The 2-year check-up is the perfect time to bring up the subject of potty training. If a child begins to hide behind a chair or go in another room when he is pooping, that is a good indication that it’s time to start the process. Let your child know that the bathroom is the new hiding place. He can even keep some magazines (like dad!) or toys in the bathroom. When he has to poop, the idea is for him to go to his hiding place (the bathroom) for the privacy he is seeking. The door closing is an audible alarm to parents that their child is doing his business. Parents can then intervene and suggest that he sit on the toilet to poop. Most kids will initially refuse. That’s fine. Let him finish up, but then clean him up right there on the bathroom floor and then ask him to sit on the toilet while you get him a clean diaper or pull-up. Allow him a little more time each day to practice sitting on the toilet before you return with a clean diaper. He may even pee in the potty before you return! Once he gets the idea of going into the bathroom to poop, parents should be able to get him to sit on the toilet before he poops. Once that happens, he’s almost there.
Unless he’s not. Barbara J. Howard, M.D. has a wonderful article in Pediatric News on the reasons why potty training struggles between parent and child can lead to “stool refusal”:
While you might consider this a failure of “toilet learning,” these children understand completely what is expected of them in the area of using the potty. They show this knowledge and the presence of the neurological integrity needed to control voids by successfully urinating in the toilet.
How much easier it would be to just finish the job! What are they thinking?! Thinking is exactly part of the problem in stool refusal.
A toddler and young preschooler’s favorite word is “No!” Dr. Howard reminds us:
[T]eaching this task should not be undertaken when the child is in a phase of resisting every other command the parent makes! This advice is often forgotten in the urgency of the mother’s desire to return to the workplace or enroll the child in a particularly desirable day care. As the famous Dr. Barry Zuckerman points out, the anus is one of the “five orifices only the child can control” (two eyes, one mouth, urethra, and anus). If there is to be a control battle between parent and child, going to sleep, eating, and voiding are likely to be the battlefields.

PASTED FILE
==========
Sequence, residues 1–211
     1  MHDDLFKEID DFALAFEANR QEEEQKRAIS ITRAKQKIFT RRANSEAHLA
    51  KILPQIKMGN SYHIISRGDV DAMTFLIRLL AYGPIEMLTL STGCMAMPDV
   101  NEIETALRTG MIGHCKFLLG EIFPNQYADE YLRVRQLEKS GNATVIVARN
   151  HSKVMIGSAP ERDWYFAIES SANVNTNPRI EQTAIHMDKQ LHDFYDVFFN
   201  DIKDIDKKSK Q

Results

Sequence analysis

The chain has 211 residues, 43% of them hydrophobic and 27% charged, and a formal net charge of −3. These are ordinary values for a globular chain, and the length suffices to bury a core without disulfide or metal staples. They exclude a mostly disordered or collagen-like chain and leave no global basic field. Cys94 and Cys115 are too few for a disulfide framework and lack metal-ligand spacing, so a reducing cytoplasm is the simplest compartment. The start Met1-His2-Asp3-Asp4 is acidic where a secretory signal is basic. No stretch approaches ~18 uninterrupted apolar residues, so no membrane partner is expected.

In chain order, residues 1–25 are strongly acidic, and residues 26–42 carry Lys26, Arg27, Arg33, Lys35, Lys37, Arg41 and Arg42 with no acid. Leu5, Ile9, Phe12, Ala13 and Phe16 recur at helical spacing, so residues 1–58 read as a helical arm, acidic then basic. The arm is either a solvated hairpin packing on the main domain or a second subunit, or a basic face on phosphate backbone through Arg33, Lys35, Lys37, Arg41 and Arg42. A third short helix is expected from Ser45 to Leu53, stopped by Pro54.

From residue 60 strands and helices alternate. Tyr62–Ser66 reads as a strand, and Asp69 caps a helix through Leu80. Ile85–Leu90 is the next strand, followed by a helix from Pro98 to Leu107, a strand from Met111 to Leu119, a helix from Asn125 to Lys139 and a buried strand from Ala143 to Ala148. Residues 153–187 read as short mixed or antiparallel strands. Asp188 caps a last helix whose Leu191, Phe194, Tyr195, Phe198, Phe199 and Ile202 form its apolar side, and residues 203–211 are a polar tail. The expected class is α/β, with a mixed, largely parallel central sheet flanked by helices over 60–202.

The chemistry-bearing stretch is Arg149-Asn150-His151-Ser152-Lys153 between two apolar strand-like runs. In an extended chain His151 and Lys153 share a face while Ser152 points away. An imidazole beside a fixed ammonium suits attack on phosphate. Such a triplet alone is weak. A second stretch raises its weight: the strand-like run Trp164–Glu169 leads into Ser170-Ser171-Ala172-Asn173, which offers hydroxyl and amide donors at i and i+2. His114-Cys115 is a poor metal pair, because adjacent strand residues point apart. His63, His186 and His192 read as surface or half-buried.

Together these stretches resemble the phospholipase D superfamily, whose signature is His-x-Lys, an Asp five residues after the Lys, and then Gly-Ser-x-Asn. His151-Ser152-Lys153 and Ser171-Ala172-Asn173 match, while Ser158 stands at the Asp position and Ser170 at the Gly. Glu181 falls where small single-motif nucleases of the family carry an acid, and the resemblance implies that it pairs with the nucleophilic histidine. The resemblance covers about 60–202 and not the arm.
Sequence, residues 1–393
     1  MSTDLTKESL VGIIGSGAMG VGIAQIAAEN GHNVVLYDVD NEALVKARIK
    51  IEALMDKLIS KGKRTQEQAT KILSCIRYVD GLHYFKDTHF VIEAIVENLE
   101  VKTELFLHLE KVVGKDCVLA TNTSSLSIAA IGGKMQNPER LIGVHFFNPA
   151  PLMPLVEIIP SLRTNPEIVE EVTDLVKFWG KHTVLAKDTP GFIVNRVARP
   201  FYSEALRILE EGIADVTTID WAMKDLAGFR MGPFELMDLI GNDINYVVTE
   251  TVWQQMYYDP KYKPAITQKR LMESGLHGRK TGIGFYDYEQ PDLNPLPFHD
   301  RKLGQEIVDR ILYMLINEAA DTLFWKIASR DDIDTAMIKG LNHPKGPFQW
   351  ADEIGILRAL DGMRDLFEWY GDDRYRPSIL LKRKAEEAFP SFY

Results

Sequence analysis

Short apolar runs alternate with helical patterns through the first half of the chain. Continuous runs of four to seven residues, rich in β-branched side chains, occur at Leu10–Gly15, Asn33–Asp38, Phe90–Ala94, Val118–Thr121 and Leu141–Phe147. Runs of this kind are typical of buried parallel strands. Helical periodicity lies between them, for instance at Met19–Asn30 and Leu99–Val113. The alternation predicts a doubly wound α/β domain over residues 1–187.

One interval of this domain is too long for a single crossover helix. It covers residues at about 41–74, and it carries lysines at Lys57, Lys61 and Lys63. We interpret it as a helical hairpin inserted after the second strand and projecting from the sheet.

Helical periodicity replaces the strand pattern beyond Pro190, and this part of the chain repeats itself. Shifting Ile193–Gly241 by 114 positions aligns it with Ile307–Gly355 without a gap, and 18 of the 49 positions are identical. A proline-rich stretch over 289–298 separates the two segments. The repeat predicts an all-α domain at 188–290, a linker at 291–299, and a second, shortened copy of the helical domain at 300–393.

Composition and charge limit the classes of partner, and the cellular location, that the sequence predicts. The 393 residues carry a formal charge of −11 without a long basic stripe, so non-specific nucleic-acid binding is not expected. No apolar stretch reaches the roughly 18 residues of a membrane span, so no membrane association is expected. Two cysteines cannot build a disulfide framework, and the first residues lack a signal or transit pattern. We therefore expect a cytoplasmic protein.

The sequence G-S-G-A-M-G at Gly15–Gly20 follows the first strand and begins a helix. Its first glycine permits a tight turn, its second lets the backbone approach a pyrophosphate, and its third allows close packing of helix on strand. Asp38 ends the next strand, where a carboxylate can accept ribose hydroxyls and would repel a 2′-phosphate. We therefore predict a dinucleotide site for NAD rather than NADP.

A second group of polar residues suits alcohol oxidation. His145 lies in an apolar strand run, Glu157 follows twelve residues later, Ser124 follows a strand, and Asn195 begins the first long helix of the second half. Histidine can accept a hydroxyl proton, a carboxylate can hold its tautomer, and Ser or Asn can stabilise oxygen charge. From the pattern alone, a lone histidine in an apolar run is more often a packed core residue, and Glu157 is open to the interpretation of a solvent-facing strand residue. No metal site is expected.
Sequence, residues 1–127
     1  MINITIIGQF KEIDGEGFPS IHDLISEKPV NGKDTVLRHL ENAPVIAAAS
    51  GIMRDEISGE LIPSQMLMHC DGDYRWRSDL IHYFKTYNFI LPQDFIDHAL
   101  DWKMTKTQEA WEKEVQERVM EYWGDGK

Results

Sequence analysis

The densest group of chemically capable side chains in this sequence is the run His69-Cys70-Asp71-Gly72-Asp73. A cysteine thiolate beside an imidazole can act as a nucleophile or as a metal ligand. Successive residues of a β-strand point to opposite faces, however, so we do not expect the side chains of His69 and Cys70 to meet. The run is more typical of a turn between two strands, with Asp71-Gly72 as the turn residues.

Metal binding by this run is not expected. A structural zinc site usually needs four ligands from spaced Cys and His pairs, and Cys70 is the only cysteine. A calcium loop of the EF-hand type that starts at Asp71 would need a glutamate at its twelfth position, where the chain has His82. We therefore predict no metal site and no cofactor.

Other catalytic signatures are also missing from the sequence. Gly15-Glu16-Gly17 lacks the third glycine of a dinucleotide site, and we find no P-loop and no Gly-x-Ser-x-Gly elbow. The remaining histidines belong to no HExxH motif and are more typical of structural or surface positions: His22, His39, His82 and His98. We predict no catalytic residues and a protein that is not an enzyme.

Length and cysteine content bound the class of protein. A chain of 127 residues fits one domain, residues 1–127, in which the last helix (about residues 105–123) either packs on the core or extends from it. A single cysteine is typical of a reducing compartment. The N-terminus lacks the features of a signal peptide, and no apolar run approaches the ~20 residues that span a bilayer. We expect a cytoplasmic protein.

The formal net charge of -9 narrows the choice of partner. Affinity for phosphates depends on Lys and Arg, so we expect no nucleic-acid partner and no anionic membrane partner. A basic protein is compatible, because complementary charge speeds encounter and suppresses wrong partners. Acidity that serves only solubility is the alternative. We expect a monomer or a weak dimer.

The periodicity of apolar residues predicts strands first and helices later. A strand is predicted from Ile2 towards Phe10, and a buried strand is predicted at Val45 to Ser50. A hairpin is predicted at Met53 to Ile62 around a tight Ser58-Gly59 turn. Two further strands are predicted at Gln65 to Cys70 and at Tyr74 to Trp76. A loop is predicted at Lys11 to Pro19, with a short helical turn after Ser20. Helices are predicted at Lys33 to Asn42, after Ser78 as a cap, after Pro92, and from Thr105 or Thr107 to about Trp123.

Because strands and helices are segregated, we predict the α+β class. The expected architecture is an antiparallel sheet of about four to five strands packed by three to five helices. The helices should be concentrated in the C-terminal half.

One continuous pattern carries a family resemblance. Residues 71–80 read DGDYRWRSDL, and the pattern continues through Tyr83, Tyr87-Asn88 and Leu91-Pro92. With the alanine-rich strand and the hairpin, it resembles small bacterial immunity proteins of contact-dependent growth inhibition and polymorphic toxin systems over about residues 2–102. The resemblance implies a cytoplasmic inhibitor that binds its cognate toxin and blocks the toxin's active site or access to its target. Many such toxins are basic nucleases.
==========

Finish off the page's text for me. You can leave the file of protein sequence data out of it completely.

Dr. Howard wants us to identify some of the reasons why children resist potty training, including pain (due to constipation or raging diaper rashes, both of which should be treated aggressively) and fear (of separation, or of slipping into the toilet and down the drain forever!). Of the helpful advice she gives to young parents, this is the best of all:
As part of normal toilet learning, children should be taught to recognize the feelings they have when “their poop or pee wants to come out.” We do not need to teach a child to think of their feces as having feelings since animism comes naturally! The additional information I add is about the desire of their stools to attend the “Poop Party under the house! Poops can only get there when passed into the potty chair or toilet, though, not by being dumped in from the diaper as some clever children may assert. I then turn to the parent to ask, “Do your poops go the Poop Party?” providing a knowing wink if necessary. But sadly sympathize with the child that, “Too bad, your poops don’t get to go.” Suddenly, doubt has been generated in the child about their choice to withhold!
(Image: Yahoo! Images)